Often, high courts, such as state supreme courts and the U.S. Supreme Court, make decisions that at first appear to be counterintuitive. Once the decisions are studied (or, in the case of non-attorneys, news accounts are read), it becomes apparent that the issue on which the decision was based is subtle. Observers may end up agreeing or disagreeing with the reasoning on that issue, but the justices invariably are dealing with a principle far removed from the obvious facts in the case.
The Supreme Court of the State of Virginia overturned the conviction (and with it a nine-year prison sentence) of Jeremy Jaynes, a spammer from Raleigh, NC. Jaynes was convicted four years ago of sending thousands of spam e-mails from his home.
The unanimous decision was not a case of the justices defending spam. The court found that the law under which Jaynes was convicted was too broad and could threaten protected speech. Under the law, the court found, religious and political speech could be endangered.
The good news is that the law the Virginia justices were dealing with was not the Controlling the Assault of Non-Solicited Pornography and Marketing (CAN-SPAM) statute. The story briefly notes that CAN-SPAM has provisions to protect the type of non-commercial speech that concerned the Virginia justices. That's reassuring. It seems likely, however, that lawyers working for spammers are poring over the decision, which can be read here, to see if it gives them any more ammunition in efforts to exploit the ever-present tensions between the First Amendment and commercial speech.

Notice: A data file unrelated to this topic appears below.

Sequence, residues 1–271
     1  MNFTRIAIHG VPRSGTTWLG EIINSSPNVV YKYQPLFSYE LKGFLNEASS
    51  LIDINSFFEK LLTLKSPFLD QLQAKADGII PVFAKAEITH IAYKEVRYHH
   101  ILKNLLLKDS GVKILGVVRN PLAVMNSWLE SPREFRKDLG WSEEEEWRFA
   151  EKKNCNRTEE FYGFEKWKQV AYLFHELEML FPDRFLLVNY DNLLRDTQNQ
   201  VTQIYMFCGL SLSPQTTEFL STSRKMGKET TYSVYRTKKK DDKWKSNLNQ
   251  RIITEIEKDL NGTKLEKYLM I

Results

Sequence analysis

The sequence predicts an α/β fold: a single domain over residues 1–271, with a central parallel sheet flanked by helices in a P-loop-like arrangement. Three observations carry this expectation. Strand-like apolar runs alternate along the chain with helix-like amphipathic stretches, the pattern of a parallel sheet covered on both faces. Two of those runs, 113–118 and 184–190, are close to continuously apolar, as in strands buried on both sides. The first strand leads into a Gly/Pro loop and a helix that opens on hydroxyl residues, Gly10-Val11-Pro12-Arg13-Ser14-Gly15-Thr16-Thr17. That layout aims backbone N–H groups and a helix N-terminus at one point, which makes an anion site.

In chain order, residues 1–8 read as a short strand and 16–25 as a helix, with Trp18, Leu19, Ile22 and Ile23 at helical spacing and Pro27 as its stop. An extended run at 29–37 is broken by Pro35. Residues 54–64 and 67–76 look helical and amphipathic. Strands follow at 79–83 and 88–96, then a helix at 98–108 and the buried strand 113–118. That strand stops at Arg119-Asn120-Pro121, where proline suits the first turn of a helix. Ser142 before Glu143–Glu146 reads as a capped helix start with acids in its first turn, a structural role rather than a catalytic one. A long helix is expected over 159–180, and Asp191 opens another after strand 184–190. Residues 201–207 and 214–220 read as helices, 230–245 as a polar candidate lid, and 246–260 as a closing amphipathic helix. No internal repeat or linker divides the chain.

Brian Krebs addresses the ruling in his Washington Post blog. He reiterates that CAN-SPAM protects non-commercial speech. However, an expert paraphrased in the piece says that authorities like to use the state laws -- they exist in at least 38 states -- because CAN-SPAM requires the plaintiff to pay the defendant's legal fees if the case is tossed or there is an acquittal. The other interesting element of the story is that the quotes criticizing the decision don't appear to get to the heart of the vital questions on free speech issues with which the justices dealt. Instead, the comments implied that the court was approving spam.
Thus, it seems that CAN-SPAM may be as much a safety net that guards against poorly constructed state laws as a primary weapon. This post provides a clear rundown of CAN-SPAM. The main provisions aim at banning false or misleading header information and deceptive subject lines. Among other requirements, the Act mandates an opt-out for receivers, and that the e-mail be labeled as an advertisement and have a valid postal address. The piece also outlines penalties.
Another reason that people may shy away from using CAN-SPAM is that it doesn't work. First of all, a lot of spam originates overseas and circumvents our legal system. CAN-SPAM has its own shortcoming, described by Infopackets. The writer says the law doesn't require opt-in and doesn't allow people to sue spammers. Apparently, suits can only be brought by the government. The post quotes CommTouch numbers that said that less than 1 percent of e-mail solicitations it received this year comply with CAN-SPAM. Eighty percent, it says, had no valid return e-mail and 40 percent had deceptive subject lines.